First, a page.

The battalion, which had suffered additional casualties and losses, continued to fight while Nitzani was evacuated and went into surgery at a hospital behind the lines. “This is where my second war began,” he said later, speaking of the lengthy rehabilitation process and the physical and psychological scars he bore for the rest of his life. “A lifelong war” was the headline of the report about him by Renan Shor that was published in the military magazine Bamahane 15 years later.
The injury disabled him for life. He suffered from sudden bouts of anger and drop attacks, and dealt with health, family and economic problems for many years. His wife, Zohar, died young of an illness. Their young son, Michael, who was born after the Yom Kippur War, suffered from brain damage and a few years ago he too passed away.
Years later, when Drori heard of Nitzani’s distress, he contacted his former commander and mobilized buddies from the 79th battalion to help him. When they met with Nitzani, Drori asked the $64,0000 question: How did he see what was coming in 1973? Nitzani answered: “I raised my binoculars and I saw the whole Egyptian army on the bank of the canal.”
“He didn’t rely on Military Intelligence research and all kinds of assessments, but rather did the most elementary thing, and from that derived his own assessment of the situation,” says Drori. And thus, while in the IDF they believed the Egyptian army was carrying out training maneuvers, Nitzani saw one step ahead. In this sense, says Drori, “He was unique: He made an assessment and took action.”
After the war Nitzani was awarded the Medal of Distinguished Service. The citation stated: “The force under his command carried out repeated attacks … and thus hindered and halted the Egyptian effort to cross the Canal.” Moreover, “The number of casualties in the force was large. Lt. Col. Shlomo Nitzani personally saw to rescuing the casualties despite the enemy’s heavy barrage of fire. He was gravely wounded during the holding actions. His leadership skill, his staunchness, his courage and his level-headedness instilled confidence in his soldiers and strengthened their spirits.”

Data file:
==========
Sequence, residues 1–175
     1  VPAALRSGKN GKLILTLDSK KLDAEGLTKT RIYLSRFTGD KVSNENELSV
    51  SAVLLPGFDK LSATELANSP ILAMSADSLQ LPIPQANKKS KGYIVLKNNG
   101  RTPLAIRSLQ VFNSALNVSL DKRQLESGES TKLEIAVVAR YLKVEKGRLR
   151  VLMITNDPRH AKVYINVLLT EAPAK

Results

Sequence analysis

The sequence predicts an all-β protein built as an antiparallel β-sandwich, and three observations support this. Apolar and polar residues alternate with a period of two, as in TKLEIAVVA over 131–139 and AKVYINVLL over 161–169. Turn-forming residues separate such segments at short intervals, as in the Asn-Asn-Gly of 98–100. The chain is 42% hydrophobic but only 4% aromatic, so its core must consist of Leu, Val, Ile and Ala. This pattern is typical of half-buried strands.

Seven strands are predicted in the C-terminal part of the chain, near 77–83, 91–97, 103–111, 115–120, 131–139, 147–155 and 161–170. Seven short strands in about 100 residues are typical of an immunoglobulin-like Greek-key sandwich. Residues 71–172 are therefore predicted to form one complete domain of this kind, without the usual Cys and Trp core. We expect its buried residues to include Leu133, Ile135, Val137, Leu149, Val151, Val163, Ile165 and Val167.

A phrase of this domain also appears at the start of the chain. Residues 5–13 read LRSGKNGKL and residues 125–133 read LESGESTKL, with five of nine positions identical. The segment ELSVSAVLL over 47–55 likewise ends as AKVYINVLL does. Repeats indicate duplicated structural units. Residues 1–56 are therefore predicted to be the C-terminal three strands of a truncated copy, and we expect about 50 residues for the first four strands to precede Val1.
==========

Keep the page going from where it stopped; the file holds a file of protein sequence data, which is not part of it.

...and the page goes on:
This decoration, as noted, joined the decoration Nitzani was awarded for his part in the battle of the Mitla pass in the Sinai Campaign. There he rescued the wounded under heavy fire, operated weapons that had been in the hands of the wounded and thereby succeeded in silencing the enemy position. “Through this action he saved the lives of wounded men and the lives of soldiers in his unit,” stated the citation.
Nitzani was one of only two soldiers ever to have been awarded both the Medal of Valor and the Medal of Distinguished Service. The other was Avigdor Kahalani, who later entered politics and became a member of the Knesset and minister of internal security.
“Moni’s story is not well known to the general public, and he was not bathed in glory like others were because he wasn’t a man who talked a lot,” says Drori, now 64. He is a lieutenant colonel in the reserves and a specialist in information systems who established the website called Hagvura (Heroism), a comprehensive data base of Israel’s heroes.
Nitzani, who married again, died on October 6, 2012, the anniversary of the war, at the age of 76. In his eulogy, Maj. Gen. Amnon Reshef (res.), the commander of the 14th Brigade, to which Nitzani’s battalion was seconded during the course of the war, said: “It is impossible to talk about Moni without mentioning his sufferings. His story is an Israeli version of the Book of Job.”